Julie Powell is a legend in the food blogging community. A Texan who moved to New York City to become an actress but wound up working as an almost-thirtysomething government secretary, she made a random decision in August 2002. She would cook her way through Julia Child's breakthrough cookbook, Mastering the Art of French Cooking (Vol. 1), and record her efforts on a then-new Internet medium, the web log.
A devoted group of readers showed up and stayed for dinner. Then came a flurry of media attention. Then came the book deal and high-profile magazine assignments.
Julie & Julia (Little, Brown, $23.95) wrangles all the material of Powell's life during her year with Julia Child's opus magnus into a frisky, chatty read. Powell curses a blue steak through her trials of making aspic; she bemoans the effect that all the rich French food has on her sex life; she recounts a stomach-curdling encounter with maggots. A passage on trying to fix botched mayonnaise represents a typical scene in her kitchen: "I poured the failed sauce into the blender, because, fuck it, right? What could happen? Not much, as it turned out ... the sauce just spun loosely around like so much failed mayonnaise, and separated out as soon as I stopped the blender. This is when I began throwing things."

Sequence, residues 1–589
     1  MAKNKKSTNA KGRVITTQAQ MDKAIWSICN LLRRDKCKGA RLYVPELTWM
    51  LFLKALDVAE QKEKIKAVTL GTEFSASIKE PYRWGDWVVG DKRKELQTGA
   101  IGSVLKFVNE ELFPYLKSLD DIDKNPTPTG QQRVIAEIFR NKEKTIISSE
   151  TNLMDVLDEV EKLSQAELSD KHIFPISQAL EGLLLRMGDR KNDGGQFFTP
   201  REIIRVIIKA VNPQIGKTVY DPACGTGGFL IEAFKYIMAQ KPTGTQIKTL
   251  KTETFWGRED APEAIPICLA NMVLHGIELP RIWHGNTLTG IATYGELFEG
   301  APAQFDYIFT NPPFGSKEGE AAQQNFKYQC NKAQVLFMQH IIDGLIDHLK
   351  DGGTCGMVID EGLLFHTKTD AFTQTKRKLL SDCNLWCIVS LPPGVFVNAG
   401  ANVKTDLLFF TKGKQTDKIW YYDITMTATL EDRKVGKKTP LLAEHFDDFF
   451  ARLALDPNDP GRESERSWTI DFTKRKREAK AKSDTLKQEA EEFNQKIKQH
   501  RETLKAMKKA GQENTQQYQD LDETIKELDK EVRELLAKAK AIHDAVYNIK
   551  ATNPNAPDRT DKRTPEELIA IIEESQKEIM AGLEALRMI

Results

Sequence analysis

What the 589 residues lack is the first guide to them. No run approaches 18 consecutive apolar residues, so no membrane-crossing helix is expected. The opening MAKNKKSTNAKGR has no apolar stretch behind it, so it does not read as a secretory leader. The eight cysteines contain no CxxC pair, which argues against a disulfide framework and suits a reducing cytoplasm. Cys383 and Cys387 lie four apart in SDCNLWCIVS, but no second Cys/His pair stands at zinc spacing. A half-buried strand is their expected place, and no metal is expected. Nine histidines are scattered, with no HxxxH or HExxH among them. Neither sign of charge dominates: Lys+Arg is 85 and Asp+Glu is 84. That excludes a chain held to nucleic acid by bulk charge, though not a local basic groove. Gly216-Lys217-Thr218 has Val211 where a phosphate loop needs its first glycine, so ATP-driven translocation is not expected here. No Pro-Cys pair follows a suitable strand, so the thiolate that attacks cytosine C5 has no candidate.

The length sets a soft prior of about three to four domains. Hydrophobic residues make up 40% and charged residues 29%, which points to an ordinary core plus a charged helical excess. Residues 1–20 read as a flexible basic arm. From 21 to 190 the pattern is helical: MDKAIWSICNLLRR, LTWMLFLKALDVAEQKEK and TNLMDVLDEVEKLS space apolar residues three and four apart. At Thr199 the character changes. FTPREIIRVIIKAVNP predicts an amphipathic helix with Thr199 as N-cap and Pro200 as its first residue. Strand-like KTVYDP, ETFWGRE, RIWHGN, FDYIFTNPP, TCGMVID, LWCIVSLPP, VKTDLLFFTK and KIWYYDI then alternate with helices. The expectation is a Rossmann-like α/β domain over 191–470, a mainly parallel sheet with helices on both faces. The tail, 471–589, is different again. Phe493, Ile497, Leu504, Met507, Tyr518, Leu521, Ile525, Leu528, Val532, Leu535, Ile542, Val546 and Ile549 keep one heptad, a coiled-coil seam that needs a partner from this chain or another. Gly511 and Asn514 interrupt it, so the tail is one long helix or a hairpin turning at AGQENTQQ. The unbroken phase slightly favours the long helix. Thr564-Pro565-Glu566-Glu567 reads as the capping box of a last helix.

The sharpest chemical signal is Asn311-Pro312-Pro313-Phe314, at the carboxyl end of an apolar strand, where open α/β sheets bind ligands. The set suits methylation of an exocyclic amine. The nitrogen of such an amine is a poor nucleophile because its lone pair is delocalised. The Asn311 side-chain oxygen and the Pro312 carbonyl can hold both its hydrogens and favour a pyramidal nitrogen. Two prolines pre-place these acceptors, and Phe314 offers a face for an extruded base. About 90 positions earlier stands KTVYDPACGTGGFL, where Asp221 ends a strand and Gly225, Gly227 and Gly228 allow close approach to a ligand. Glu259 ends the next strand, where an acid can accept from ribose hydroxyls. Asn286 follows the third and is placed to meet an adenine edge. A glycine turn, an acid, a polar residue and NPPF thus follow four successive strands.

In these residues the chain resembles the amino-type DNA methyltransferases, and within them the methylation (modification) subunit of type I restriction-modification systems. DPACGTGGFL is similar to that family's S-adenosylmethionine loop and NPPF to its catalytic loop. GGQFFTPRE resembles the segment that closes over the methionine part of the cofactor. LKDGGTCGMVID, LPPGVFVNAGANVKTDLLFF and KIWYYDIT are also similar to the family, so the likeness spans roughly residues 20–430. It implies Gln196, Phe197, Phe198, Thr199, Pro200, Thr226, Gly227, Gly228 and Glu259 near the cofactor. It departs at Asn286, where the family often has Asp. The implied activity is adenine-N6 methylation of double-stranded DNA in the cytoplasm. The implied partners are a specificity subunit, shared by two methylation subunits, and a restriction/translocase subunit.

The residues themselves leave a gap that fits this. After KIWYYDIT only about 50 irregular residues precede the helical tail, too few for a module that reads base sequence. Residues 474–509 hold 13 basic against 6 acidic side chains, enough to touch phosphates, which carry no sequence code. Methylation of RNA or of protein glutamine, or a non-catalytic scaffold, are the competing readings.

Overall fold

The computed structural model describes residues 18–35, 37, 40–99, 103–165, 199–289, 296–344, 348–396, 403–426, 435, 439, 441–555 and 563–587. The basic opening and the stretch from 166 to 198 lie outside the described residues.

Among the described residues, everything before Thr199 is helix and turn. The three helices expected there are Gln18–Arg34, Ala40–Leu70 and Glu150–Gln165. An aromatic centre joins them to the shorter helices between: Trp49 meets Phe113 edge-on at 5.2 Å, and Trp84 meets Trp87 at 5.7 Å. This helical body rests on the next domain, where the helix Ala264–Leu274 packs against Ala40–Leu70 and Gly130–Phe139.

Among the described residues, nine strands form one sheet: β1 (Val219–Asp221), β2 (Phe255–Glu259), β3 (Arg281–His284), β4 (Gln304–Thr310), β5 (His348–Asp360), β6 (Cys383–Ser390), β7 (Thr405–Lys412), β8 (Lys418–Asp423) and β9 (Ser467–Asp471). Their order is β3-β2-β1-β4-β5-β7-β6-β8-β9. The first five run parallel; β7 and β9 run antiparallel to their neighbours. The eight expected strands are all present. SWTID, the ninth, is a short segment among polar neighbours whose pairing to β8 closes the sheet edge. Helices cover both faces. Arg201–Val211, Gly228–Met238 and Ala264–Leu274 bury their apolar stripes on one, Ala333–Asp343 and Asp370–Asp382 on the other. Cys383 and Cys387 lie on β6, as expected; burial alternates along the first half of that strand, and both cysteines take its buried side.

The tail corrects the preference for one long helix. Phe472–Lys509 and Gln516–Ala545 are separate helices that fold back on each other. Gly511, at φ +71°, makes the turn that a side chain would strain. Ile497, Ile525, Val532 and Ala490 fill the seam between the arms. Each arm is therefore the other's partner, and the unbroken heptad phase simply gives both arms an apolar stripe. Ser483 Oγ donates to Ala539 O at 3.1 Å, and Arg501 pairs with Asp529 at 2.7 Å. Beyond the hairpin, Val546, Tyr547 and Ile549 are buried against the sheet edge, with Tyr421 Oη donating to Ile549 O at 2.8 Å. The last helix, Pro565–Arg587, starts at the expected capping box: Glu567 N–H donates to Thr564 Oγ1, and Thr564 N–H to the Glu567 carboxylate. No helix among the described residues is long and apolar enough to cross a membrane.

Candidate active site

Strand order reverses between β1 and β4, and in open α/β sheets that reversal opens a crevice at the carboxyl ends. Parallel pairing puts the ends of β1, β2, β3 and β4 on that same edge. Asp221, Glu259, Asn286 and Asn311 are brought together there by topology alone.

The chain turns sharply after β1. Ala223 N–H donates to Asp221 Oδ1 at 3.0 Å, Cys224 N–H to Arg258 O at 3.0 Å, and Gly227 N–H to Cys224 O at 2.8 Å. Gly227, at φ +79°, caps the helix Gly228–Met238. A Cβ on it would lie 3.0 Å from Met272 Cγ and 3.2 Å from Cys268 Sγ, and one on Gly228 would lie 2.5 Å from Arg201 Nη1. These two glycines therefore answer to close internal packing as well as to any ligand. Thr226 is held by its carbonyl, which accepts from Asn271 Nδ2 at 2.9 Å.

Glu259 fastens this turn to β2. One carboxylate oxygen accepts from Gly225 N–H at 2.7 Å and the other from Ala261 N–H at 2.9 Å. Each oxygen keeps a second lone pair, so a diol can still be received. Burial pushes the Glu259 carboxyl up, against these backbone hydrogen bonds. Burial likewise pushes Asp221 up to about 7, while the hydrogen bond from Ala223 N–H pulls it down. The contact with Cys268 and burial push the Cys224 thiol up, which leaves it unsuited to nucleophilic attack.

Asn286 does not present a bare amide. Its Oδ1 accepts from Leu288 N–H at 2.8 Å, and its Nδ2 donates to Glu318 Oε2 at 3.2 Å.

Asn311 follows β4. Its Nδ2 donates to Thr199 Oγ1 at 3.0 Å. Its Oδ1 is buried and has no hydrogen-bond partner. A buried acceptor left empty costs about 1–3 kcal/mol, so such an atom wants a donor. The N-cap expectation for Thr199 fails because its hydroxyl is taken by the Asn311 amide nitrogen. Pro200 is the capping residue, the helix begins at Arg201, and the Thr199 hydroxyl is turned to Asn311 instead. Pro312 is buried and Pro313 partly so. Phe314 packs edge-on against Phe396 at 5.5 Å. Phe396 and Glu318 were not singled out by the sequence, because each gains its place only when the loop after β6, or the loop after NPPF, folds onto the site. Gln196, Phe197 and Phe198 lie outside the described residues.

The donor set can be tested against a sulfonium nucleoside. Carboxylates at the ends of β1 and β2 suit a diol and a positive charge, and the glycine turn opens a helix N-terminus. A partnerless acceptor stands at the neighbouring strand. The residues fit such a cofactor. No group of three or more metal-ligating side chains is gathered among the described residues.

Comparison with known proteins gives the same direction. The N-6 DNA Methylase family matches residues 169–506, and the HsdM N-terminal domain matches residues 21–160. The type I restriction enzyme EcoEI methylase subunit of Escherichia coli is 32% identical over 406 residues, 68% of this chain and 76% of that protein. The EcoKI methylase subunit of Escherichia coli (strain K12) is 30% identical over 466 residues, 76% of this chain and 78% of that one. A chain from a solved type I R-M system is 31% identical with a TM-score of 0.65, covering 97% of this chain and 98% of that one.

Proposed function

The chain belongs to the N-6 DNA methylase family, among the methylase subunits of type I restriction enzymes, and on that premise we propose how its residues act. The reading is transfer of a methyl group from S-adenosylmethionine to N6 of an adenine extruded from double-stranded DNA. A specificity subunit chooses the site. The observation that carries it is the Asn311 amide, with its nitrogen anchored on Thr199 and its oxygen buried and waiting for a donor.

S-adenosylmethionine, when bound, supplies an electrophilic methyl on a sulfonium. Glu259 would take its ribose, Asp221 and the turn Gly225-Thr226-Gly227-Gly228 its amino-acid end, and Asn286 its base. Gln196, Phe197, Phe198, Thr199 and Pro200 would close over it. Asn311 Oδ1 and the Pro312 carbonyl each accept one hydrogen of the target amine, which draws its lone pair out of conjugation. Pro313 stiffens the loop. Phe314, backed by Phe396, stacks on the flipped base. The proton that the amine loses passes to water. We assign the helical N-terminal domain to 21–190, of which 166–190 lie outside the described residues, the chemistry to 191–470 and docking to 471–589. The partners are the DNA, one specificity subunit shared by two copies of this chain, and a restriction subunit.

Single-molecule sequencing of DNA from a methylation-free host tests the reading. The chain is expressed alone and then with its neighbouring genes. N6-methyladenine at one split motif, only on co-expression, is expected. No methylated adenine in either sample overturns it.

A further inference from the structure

The complaining certainly entertains, but her hard-earned triumphs in the kitchen eventually spur potent transformations in her life -- and hook readers in the process. Unfortunately, Powell strikes an overly glib tone in the book's wrap-up: "Two years ago, I was a 29-year-old secretary. Now I am a 31-year-old writer. I get paid very well to sit around in my pajamas and type on my ridiculously fancy iMac, unless I'd rather take a nap. Feel free to hate me -- I certainly would."
Julie could take a cue from Julia here: Humility wins far more fans than arrogance.